US naval engineer charged with submarine espionage pleads guilty

Jonathan Toebbe, a former US Navy engineer, was arrested on Oct. 9 following a year-long sting operation by undercover FBI agents.

A Federal Protection Service vehicle is seen parked outside the federal courthouse where former U.S. Navy engineer Jonathan Toebbe and his wife Diana face their first court hearing. (photo credit: KEVIN FOGARTY/REUTERS)
A Federal Protection Service vehicle is seen parked outside the federal courthouse where former U.S. Navy engineer Jonathan Toebbe and his wife Diana face their first court hearing.
(photo credit: KEVIN FOGARTY/REUTERS)

A former US Navy engineer charged with attempting to sell secrets about nuclear submarines to a foreign power has pleaded guilty as part of a deal with federal prosecutors, a government lawyer said on Monday.

A prosecutor announced the plea deal during a hearing before a magistrate judge in Martinsburg, West Virginia, which is still ongoing.

Jonathan Toebbe, a former US Navy engineer, was arrested on Oct. 9 in Jefferson County, West Virginia, following a year-long sting operation by undercover FBI agents.

He has been in federal custody since he was arrested along with his wife, Diana Toebbe, who has pleaded not guilty.

Toebbe's agreement with prosecutors calls for him to receive between 12.5 and 17.5 years in prison. He will be sentenced at a later hearing.

 The federal courthouse where former U.S. Navy engineer Jonathan Toebbe and his wife Diana face their first court hearing on charges that they attempted to sell secrets about nuclear submarines to a foreign power in exchange for cryptocurrency, is seen in Martinsburg, West Virginia, U.S. (credit: KEVIN FOGARTY/REUTERS) The federal courthouse where former U.S. Navy engineer Jonathan Toebbe and his wife Diana face their first court hearing on charges that they attempted to sell secrets about nuclear submarines to a foreign power in exchange for cryptocurrency, is seen in Martinsburg, West Virginia, U.S. (credit: KEVIN FOGARTY/REUTERS)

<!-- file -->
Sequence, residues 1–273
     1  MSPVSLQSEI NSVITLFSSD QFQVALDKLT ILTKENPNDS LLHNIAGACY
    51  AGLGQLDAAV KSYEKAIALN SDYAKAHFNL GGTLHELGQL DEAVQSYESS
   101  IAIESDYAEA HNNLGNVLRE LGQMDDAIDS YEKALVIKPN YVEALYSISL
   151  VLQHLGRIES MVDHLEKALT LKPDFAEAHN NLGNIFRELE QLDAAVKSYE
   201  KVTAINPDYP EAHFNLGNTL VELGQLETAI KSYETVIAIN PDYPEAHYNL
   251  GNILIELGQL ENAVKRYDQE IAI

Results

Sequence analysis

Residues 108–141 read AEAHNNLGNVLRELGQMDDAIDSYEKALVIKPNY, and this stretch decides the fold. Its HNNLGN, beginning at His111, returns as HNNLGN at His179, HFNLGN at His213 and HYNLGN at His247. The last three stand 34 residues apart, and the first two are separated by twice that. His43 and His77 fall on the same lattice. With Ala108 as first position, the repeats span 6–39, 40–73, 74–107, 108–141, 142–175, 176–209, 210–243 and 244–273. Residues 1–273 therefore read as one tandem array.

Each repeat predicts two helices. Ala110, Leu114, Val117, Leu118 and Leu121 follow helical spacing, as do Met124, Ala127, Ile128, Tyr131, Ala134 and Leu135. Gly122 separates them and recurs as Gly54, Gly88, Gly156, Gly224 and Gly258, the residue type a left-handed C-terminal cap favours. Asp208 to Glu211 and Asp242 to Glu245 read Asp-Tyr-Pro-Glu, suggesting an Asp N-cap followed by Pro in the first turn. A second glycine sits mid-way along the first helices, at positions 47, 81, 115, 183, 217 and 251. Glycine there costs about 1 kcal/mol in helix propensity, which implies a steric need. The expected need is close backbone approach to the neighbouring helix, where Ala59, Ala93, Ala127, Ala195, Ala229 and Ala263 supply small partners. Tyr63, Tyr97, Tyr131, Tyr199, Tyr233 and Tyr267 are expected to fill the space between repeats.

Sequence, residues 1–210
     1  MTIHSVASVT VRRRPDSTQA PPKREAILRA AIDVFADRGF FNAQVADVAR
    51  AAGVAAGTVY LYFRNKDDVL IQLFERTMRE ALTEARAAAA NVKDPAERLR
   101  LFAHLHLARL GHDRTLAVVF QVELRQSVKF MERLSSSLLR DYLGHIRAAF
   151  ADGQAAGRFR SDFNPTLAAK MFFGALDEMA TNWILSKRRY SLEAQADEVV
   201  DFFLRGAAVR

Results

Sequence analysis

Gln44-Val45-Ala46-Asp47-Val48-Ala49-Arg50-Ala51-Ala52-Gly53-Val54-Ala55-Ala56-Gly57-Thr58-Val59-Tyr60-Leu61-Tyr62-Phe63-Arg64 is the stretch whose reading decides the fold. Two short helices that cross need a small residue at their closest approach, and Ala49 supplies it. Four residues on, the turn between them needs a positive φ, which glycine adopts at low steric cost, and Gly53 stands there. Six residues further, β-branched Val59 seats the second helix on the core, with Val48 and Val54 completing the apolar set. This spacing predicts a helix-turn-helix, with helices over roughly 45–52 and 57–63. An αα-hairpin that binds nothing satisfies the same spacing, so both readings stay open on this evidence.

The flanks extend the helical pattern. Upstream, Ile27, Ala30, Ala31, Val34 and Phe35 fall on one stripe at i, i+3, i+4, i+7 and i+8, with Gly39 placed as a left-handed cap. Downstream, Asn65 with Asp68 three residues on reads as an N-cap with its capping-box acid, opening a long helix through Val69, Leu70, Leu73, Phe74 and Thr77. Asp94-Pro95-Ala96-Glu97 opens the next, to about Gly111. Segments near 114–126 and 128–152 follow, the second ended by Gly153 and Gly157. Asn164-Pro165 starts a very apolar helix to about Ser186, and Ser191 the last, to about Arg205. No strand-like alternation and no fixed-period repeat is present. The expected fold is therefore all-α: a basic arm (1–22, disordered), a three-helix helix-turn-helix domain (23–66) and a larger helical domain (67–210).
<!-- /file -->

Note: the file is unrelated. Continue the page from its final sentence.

Toebbe, 42, who had a top-secret security clearance, was accused of selling secrets to an undercover FBI agent posing as a foreign official over the course of several months, the Justice Department said.

The Justice Department did not name the country involved.

At one point, Toebbe hid a digital memory card containing documents about submarine nuclear reactors in half a peanut butter sandwich at a "dead drop" location in West Virginia while his wife acted as lookout, the Justice Department said.

The memory card contained "militarily sensitive design elements, operating parameters and performance characteristics of Virginia-class submarine reactors," according to the Justice Department.

An FBI agent testified during a court hearing in October that Jonathan Toebbe asked for $5 million worth of cryptocurrency in exchange for the secret submarine information. A payment made by the FBI to Toebbe worth about $100,000 has not been located, the agent testified.